Saturday, March 14, 2009

Passport security broken?

It's always wise to take GAO reports with a grain of salt, especially since this one seems to have been leaked, not published. But it doesn't sound good. GAO managed to get four blatantly (and checkably) false passport applications approved by the State Department.

If we can't rely on the State Department to perform good fraud checks, then the rest of our system for keeping terrorists out of the country and preventing identity theft collapses. Yet the political and bureaucratice incentives are for the Passport Office are to crank the passports out, not to spend extra money on security that will slow down passport issuance. The State Department's less than encouraging response:

State Department spokesman Richard Aker said the agency regrets that it issued these four passports, adding that "the truth is that this was human error."

Aker did also point to plans to use facial recognition software and to get access to state drivers license data, both of which are helpful but not completely responsive to the GAO report (again, as leaked, so caution is appropriate).





1 comment:

Jim said...

This is why relying on any "in the wild" document to identify someone is flawed. I would gladly give the SSA, DHS, and State Department my fingerprints to lock down my identity. That way, someone else can't show up and steal my identity/benefits/retirement/reputation with just my SSN and some data easily found in public records or on Facebook!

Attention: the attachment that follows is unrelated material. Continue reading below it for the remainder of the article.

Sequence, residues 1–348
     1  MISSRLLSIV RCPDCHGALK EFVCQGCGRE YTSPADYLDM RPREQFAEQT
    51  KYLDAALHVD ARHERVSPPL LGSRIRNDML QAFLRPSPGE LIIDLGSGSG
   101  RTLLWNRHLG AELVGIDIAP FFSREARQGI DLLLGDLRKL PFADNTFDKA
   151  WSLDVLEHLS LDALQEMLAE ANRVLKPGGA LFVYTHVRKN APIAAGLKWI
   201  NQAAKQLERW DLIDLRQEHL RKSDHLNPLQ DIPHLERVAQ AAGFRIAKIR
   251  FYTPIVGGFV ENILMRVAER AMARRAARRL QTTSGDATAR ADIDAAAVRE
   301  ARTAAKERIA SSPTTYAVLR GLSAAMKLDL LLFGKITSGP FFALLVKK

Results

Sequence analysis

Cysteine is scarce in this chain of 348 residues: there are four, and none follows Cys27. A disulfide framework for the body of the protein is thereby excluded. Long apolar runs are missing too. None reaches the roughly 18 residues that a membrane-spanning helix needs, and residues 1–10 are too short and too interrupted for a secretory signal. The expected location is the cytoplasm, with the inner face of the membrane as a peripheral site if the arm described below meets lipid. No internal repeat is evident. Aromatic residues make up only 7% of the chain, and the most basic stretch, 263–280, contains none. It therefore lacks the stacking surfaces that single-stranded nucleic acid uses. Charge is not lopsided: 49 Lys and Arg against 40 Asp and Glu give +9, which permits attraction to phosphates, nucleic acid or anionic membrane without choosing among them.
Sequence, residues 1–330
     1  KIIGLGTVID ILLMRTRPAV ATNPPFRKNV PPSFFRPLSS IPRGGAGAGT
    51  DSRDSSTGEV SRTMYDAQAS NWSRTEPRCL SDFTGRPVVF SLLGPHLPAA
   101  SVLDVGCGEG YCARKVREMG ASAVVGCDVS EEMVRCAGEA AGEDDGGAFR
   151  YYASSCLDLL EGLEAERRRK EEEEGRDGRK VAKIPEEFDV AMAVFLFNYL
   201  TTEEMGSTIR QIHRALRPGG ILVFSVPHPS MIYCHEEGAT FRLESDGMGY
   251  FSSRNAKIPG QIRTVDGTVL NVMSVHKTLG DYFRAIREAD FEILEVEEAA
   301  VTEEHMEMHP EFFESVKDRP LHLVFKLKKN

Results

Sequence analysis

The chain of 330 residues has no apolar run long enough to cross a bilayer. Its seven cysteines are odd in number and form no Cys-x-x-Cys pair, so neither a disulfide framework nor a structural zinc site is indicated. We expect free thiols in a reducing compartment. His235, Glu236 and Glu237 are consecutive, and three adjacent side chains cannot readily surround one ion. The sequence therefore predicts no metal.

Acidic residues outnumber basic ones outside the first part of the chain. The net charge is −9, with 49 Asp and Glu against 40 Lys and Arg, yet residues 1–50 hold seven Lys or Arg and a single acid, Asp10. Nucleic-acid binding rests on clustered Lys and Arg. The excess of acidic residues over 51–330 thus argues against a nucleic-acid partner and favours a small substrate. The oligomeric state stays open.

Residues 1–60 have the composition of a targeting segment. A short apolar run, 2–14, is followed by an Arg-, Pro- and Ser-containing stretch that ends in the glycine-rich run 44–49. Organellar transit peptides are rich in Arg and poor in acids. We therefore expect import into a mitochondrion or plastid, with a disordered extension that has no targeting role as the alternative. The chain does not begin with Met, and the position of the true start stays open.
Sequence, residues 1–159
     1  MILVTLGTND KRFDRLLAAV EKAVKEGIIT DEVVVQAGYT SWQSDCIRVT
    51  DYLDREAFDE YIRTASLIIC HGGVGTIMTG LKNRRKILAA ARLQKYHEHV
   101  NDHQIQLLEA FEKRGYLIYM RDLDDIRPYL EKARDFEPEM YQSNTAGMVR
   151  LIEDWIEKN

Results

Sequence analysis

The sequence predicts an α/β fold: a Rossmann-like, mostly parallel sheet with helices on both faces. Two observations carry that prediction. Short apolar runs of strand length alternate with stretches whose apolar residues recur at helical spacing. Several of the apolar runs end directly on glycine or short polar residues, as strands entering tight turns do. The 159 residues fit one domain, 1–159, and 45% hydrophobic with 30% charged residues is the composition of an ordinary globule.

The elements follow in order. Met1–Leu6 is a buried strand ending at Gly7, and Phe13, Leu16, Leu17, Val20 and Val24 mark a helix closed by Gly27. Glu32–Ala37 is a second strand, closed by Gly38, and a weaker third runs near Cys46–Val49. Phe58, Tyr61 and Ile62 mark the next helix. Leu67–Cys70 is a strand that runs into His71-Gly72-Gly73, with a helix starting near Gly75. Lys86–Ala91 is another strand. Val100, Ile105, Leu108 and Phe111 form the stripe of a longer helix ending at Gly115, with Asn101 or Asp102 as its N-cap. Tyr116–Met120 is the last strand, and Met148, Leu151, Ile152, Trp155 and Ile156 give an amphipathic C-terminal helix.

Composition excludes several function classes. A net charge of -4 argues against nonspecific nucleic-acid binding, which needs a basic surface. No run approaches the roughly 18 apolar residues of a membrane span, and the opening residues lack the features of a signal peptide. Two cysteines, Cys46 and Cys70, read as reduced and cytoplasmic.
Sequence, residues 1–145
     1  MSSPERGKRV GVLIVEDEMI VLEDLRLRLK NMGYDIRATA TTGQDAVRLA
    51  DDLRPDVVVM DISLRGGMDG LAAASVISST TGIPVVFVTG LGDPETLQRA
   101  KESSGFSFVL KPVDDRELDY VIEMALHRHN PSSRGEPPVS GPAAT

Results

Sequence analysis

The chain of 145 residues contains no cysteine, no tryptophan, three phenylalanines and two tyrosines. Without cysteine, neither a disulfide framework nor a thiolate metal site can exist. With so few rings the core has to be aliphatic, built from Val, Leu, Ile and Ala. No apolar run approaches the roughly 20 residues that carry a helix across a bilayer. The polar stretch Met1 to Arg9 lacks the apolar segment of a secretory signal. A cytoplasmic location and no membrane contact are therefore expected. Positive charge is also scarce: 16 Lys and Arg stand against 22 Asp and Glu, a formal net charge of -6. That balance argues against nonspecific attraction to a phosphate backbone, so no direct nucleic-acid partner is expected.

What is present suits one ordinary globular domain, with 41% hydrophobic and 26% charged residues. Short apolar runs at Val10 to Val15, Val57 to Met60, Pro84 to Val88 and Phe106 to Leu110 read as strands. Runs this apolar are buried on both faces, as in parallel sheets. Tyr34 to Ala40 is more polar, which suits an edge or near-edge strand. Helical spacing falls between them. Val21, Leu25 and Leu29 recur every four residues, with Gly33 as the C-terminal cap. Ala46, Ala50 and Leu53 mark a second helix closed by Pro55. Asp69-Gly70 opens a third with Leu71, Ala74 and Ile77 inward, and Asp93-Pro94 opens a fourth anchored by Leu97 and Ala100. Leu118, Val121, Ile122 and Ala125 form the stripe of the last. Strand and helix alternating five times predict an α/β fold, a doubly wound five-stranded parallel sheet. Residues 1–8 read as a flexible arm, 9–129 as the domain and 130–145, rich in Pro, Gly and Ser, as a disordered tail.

If they let me use my fingerprints to protect my identity, then I could prove who I am anywhere, anytime, without having to carry an ID. Someone else couldn't use my SSN to get access to my credit, vote under my name, or hijack my certifications to obtain work. Plus, they can tell if someone tries to obtain multiple IDs like this GAO investigator did - the fingerprints would match one another.

Most states already collect prints for drivers' licenses. We drive around with our license plates being captured by cameras, our EZ Pass cards ticking off where we drive, and our cell phones telling our every move. Isn't it time to let those of us without tinfoil hats leverage better ways to protect our identity and root out fraud?